Kale is pretty unimpressive when you get it because it looks just like many cabbages, except for its initial shading of color, which is, in this case, is its purplish tinge. They grow fairly slowly through late spring and early summer, but really launch into a full fledged spurt toward the end of the hotter months in late September, and from that point on they start to take on their true colors and put on some size ... they're at their prime in October and November and are undaunted by the first few frosts, succumbing only to the hard freeze that either kills the remaining annuals or sends hardy perennials off to their winter repose.

Kale likes full sun and isn't particularly picky about soil, as long as it's fairly well drained and doesn't stay soggy for long periods of time. Truly, this is one of those "plant it and forget it till it's ready to shine" plants because though for part of the summer they are fairly unremarkable, when they get going toward Fall, they're a more than welcome bright spot in the garden amongst the other tired and rapidly waning plants. As for the "Flowering" part, it's not really a flower per se, but rather a dense rosette of leaves (that never really forms a head) bearing the coloration of each cultivar. Ornamental Kales are perfectly fine to eat (though I've never had it) and according to Wikipedia, they are actually a great source of Vitamins A and C, so I should probably try it sometime!

Over the years we've tried several "ornamental" vegetables in the front boulder beds, most notably Swiss Chard Bright Lights, which though we haven't grown it in a couple of years, I intend to get it going again next year, because it's another late summer-fall stunner that can actually be harvested and eaten as well. Last year we planted an ornamental
pepper (e.g. don't eat it because it's too hot!) ... a deep purple variety with small fruit (purple too!), a very attractive plant that actually went to seed, though it didn't get very big this year before frost hit. We had planned on digging a few to keep in pots over the winter (since they only get about 5-8 inches tall), but we didn't get around to it before they bit it ... oh well, maybe next year, as the gardener's refrain goes!

I hope you all have a great weekend! I'll be working again.... Even so, I hope to catch up on a movie or two I have recorded --you know the mindless type!-- I think it's time to roll Walk Hard: The Dewey Cox Story with John C. Reilly. Yes, Annie, I do on occasion indulge in shamelessly commercial movie fare, though it's been a while since we last did that and enjoyed the truly shameless Harold and Kumar Escape From Guantánamo Bay. As one who has been often accused of being a film snob, I guess I just have to reaffirm my trash credentials from time to time....

Wednesday, November 12, 2008

Olbermann on Proposition H8

Click image for video
This one is personal ... We were devastated to see that California's "Proposition 8" passed last week, thanks in large part to millions that the LDS (Mormon) Church funneled into advocating denying same sex couples the right to marry in California, even though it was decreed into law this past summer. This is just an expression of profound ignorance or downright hate, pure and simple. It's tantamount to supporting the hateful miscengenation laws on the books until the late 1960's, which forbade interracial marriages. According to these laws, our newly elected President Obama's parents had an invalid marriage (he was born in 1961). See Loving vs. Virginia.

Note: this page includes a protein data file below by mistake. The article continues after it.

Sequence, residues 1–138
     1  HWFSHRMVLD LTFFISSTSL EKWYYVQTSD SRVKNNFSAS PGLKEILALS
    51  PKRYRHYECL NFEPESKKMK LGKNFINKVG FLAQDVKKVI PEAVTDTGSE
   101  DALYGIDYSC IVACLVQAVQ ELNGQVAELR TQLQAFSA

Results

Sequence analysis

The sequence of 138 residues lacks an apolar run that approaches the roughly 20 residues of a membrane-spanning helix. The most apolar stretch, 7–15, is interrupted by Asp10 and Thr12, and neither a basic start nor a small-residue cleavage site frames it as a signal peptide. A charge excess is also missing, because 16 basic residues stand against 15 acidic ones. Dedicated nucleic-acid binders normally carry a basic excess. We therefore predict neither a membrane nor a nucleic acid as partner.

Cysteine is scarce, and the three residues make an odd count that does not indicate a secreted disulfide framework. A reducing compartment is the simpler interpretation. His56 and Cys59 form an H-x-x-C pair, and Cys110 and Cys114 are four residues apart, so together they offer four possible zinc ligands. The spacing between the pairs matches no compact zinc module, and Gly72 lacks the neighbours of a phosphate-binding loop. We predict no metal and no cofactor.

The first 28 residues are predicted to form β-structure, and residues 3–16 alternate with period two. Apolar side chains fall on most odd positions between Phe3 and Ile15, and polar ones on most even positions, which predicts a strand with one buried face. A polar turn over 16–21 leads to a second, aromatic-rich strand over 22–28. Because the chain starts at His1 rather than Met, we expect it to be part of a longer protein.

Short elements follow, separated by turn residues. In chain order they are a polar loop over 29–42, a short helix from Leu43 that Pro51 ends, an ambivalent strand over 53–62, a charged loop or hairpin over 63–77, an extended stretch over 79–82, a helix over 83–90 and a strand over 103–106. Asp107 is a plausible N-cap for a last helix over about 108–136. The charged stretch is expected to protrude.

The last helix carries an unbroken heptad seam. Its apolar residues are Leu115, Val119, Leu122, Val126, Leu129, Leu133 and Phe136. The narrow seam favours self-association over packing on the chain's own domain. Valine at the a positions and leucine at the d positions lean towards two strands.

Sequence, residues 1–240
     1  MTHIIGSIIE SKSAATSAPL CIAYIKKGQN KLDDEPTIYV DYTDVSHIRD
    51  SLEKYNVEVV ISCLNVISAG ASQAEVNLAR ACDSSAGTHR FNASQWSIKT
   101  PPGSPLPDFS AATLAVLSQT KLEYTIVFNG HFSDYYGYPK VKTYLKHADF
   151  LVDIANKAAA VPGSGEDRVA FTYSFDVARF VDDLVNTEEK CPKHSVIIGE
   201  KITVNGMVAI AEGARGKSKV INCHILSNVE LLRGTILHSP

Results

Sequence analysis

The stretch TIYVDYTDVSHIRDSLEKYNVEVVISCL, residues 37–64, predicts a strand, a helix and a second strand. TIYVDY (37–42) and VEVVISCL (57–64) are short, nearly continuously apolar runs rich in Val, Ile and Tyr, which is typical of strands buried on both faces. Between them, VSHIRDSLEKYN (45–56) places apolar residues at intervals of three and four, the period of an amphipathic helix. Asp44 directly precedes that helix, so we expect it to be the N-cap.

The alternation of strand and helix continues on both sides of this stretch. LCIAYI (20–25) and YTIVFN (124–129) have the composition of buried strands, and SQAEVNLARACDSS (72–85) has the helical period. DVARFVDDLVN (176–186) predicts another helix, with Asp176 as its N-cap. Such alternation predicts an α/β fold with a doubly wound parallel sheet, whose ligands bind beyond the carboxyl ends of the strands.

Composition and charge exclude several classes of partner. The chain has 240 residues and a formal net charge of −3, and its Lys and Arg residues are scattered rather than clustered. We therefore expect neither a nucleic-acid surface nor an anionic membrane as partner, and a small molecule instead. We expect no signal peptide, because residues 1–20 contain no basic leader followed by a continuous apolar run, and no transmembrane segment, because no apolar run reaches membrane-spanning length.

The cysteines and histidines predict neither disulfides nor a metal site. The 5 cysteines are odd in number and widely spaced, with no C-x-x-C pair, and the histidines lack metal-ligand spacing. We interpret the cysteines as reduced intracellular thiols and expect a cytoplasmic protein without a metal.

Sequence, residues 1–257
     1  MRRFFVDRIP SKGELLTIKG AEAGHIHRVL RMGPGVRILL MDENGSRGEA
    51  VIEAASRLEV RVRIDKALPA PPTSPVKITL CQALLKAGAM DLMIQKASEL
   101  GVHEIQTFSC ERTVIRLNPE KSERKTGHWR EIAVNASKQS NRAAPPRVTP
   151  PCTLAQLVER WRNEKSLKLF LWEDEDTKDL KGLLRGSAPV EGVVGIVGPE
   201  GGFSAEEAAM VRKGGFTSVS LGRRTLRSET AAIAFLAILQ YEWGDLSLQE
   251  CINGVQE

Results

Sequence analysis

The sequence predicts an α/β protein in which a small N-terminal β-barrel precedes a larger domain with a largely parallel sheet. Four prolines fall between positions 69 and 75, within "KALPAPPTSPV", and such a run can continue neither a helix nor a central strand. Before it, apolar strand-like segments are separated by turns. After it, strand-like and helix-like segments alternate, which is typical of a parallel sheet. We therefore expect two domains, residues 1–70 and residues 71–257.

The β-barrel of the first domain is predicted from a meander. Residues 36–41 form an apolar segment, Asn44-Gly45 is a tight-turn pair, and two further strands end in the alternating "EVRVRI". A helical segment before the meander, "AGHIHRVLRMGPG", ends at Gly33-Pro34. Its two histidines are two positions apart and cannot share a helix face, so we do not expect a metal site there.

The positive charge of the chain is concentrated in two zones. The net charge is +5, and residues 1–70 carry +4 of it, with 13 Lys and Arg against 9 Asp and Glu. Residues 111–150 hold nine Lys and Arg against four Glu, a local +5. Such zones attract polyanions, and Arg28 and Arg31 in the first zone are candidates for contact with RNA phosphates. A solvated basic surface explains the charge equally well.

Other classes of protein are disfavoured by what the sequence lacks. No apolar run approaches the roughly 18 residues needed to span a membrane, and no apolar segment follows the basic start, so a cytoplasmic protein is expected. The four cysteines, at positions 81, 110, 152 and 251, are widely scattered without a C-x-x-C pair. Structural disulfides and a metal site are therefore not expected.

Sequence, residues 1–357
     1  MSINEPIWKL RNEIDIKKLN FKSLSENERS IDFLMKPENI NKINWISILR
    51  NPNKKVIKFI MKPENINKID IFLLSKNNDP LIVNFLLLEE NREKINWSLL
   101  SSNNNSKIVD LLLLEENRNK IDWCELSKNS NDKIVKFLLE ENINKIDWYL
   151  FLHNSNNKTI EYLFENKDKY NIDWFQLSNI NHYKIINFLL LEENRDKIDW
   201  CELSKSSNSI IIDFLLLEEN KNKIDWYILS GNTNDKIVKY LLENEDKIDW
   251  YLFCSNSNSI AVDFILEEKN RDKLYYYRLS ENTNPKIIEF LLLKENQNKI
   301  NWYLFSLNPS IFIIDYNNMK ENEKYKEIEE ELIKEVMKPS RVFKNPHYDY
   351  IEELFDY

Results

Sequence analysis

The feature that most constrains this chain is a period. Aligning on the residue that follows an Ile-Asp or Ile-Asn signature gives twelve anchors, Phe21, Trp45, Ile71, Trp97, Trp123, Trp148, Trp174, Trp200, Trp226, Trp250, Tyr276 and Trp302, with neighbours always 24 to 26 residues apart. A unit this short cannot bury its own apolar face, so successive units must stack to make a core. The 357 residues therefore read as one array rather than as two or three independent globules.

For all the right wing blather about "protecting the sanctity of marriage," who are the true victims here? Not those heterosexual couples who have a 50/50 chance of their marriages surviving a potential divorce. This is about civil rights, pure and simple. Why should same sex couples be denied the rights (tax breaks, Social Security benefits, visitation or adoption rights, etc.) that heterosexual couples take for granted? There is no conceivable rationalization for this mindset, because there is no palpable effect on "traditional marriages" of legalizing and recognizing same sex marriages for such couples. Everybody would be a winner here if same sex marriages were recognized and afforded comparable benefits: gay people would most certainly want to divorce at times (hooray for the lawyers!), and just think about how much the churches and city halls would make in charging for marriages? This is hate. Pure and simple. First it was the Jews. Then it was Black folks, and now, since the 80's onward, we gay folk are the targets of hate. Once the extremist theocrats are done with us, who will be the next victims? This is bigotry and idiocy, pure and simple.

Here are the arguments I've used when discussing this issue with people over the years...

Fernymoss and I met and fell in love in 1997 and we've been together ever since. According to most statistics I've seen, the divorce rate among heterosexual couples outpaces the chances we should have had at staying together these past 11 years. Why can't we file our taxes as a married couple and get that benefit? Because we're not "legal" according to state and federal law. That's not Equal Rights, that's no rights.

If either of us decided to enter into a sham marriage with a woman, and then died three weeks later, that woman would be entitled to collect Social Security benefits that we have paid all our working lives. Where's the equality in that?